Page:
CVS Health’s purchase of health insurance giant Aetna could have major implications for the health insurance industry. Here is how the merger might impact healthcare consumers:
Ways the CVS-Aetna merger might benefit employers and employees
- CVS could give discounts to Aetna members on their in-store purchases … from over-the-counter medications to shampoo.
- CVS could use their in-store Minute-Clinics to deliver care to members … essentially mimicking fully-integrated delivery systems like Kaiser Permanente and Intermountain Health. Fully-integrated delivery systems collect premiums from employers AND provide the care to members. It was tried extensively in the 1990s – and largely didn’t work.
- It could result in better customer service for members at the pharmacy. There is a lack of coordination between insurance carriers and pharmacy benefit managers (PBMs) and how benefits are executed in the pharmacy (i.e. what the charge or copay is, what formulary is followed, if the precertification/authorization came through, etc.). Theoretically, a combined CVS-Aetna could better coordinate coverage and filling prescriptions.
- Vertical integration could allow CVS and Aetna to streamline their businesses and pass on their lower cost structure to employers and employees in the form of lower prices. A sign that CVS and Aetna are realizing efficiencies from their merger would be layoffs. One of the largest expenses for both companies is payroll, so unless that slims down, it is likely that the merger did NOT result in a lower cost structure for the business.
Ways the CVS-Aetna merger might harm employers and employees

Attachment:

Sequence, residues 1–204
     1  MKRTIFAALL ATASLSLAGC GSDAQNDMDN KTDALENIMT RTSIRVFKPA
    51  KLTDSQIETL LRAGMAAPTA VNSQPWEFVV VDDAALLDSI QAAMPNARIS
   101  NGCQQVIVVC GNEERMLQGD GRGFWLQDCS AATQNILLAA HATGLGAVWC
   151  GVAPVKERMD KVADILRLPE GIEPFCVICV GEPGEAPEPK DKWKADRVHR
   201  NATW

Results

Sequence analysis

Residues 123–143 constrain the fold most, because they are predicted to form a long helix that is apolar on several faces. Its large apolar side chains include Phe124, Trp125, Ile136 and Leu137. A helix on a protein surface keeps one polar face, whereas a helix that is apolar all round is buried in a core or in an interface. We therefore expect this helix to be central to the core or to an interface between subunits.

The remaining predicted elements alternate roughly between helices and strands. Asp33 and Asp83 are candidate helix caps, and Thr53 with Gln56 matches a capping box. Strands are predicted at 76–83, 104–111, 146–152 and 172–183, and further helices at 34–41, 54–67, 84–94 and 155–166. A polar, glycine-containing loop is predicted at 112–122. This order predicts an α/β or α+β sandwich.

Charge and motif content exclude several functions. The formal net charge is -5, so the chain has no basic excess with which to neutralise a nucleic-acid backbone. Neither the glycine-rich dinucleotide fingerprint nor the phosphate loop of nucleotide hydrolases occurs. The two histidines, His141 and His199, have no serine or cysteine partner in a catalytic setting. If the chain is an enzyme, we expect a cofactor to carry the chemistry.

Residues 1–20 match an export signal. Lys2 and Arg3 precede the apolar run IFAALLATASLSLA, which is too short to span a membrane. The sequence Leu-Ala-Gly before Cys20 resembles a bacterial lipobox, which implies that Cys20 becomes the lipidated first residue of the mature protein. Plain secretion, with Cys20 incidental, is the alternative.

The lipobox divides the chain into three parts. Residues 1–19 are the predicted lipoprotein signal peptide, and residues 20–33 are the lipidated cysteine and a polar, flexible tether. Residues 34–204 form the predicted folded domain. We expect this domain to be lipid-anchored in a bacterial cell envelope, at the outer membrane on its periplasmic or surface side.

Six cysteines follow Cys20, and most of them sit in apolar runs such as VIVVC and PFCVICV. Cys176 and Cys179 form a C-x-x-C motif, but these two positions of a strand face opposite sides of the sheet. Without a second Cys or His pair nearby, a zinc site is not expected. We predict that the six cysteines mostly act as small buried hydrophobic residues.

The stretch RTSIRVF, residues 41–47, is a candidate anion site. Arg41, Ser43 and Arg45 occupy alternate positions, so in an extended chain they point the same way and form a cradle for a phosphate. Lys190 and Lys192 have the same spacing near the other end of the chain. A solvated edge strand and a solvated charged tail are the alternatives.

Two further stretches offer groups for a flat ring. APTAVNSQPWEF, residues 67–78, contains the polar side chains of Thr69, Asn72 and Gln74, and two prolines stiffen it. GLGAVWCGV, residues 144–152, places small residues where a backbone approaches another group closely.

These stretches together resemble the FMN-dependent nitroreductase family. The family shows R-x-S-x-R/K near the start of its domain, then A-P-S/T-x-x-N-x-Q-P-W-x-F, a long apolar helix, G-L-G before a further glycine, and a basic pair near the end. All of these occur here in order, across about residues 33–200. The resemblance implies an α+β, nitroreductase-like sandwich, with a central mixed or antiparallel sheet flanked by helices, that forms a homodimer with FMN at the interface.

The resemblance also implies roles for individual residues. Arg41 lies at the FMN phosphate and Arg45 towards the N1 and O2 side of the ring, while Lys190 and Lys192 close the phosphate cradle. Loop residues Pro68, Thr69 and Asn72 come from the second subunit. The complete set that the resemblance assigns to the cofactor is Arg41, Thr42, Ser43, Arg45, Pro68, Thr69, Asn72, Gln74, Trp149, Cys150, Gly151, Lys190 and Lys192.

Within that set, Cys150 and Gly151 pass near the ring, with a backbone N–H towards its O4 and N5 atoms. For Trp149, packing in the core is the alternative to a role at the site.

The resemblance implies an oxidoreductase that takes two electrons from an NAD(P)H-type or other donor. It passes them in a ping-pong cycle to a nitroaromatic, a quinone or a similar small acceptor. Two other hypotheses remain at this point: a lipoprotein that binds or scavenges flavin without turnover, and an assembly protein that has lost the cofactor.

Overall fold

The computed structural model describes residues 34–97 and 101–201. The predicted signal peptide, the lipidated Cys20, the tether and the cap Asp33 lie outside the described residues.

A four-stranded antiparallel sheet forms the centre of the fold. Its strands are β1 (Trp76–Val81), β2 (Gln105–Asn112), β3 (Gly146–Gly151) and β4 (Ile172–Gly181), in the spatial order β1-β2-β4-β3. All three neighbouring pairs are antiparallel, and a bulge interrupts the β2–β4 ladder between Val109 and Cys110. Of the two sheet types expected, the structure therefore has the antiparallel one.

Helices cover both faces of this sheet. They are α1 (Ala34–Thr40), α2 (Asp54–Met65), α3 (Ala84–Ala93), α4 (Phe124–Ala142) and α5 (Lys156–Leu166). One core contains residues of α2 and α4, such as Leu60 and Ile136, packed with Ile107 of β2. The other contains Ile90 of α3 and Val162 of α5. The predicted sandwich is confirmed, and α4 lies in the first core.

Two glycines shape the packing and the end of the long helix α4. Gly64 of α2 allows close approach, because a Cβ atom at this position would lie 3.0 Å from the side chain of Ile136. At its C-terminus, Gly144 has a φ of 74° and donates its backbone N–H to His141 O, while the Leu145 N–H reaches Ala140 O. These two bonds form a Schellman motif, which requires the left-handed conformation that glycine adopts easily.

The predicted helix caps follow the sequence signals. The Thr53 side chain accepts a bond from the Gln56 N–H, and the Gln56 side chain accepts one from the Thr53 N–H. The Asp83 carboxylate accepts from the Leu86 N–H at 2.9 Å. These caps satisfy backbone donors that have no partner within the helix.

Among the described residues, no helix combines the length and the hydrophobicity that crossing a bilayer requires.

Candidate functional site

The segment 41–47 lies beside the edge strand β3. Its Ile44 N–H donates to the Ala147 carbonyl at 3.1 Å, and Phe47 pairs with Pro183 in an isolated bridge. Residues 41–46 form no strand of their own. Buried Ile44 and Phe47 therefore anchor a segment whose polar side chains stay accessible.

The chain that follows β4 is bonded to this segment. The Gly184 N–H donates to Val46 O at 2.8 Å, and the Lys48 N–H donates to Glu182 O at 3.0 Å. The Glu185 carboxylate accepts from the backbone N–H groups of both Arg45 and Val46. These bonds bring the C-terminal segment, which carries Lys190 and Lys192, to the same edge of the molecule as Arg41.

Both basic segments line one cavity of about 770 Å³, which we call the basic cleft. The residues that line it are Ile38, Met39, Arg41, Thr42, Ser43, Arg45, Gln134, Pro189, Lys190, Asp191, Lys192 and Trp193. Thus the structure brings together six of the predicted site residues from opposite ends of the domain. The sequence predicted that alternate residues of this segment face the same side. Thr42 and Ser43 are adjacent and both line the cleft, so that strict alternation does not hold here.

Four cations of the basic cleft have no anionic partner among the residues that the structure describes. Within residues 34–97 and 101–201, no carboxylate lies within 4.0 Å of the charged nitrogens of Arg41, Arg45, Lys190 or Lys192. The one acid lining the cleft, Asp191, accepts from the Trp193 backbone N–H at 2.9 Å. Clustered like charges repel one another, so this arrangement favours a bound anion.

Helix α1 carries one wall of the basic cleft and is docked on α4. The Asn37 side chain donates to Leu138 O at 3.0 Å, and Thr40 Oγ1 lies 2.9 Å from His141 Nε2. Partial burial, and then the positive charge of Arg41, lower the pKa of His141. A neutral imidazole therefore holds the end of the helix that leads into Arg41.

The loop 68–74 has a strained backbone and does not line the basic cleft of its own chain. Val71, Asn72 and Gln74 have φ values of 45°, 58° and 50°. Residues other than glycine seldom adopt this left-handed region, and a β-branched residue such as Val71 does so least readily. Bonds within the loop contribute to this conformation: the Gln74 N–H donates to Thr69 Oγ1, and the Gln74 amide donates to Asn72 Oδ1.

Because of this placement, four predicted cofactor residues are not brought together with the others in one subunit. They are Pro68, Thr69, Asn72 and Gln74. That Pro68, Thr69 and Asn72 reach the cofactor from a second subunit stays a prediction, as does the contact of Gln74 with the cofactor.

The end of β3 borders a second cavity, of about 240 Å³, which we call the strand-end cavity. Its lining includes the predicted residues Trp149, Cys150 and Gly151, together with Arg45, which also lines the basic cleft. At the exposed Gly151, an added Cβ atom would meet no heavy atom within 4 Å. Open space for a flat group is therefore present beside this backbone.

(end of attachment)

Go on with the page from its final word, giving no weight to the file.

- Aetna could potentially be less flexible in allowing their self-funded plans to carve-out the PBM from Caremark and switch to another PBM.
- Aetna might only allow members of fully-insured groups that use the CVS/Caremark PBM and self-funded groups that use the CVS/Caremark PBM to fill prescriptions at CVS – or charge more if they filled them at another pharmacy (e.g. Walgreens, Kroger, etc.).
- Self-funded groups that do not use Aetna as their carrier, but use CVS/Caremark as their PBM, could experience decreased coordination between their medical carrier and their PBM. For example, Compass has many self-funded clients that use Blue Cross Blue Shield (BCBS) as their medical carrier and CVS/Caremark as their PBM. These two organizations might not want to cooperate since Aetna and BCBS are direct competitors.
- Aetna and CVS/Caremark could fully internalize and keep ALL of the rebates that pharmaceutical manufacturers distribute. Rebating is a common practice, where pharmaceutical companies pay the PBM for each prescription that they fill and pay the medical carrier when specialty medications are administered in the hospital. Will CVS-Aetna pass on those rebates back to employers and employees? To be determined…
The list of pros and cons go on, but I’ll stop there.
Cautionary tale and a positive example
There is a cautionary tale in the vertically integrated oil business of Standard Oil from the 1800s and early 1900s. Standard Oil drilled for the oil, pumped it out of the ground, transported it, refined it and sold it to consumers and businesses. Standard Oil, of course, was broken up into what are now ExxonMobile, Chevron, etc. History has shown that vertical integration leads to monopolies that hurt consumers.
However, there are other examples of vertical integration that are beneficial for consumers. Amazon owns its own software, warehouses, massive server capacity and even creates its own original video content for its Amazon Prime video service. Amazon is laser-focused on delighting its customers and does this vertical integration to accomplish that delight.
Regardless, companies vertically integrate their businesses so they can make more money. There is nothing wrong with that. However, is the vertically integrated company going to use its power to take advantage of customers or delight them (through better service and lower prices)? That might be our ultimate barometer of whether or not the CVS-Aetna merger is good for employers and employees.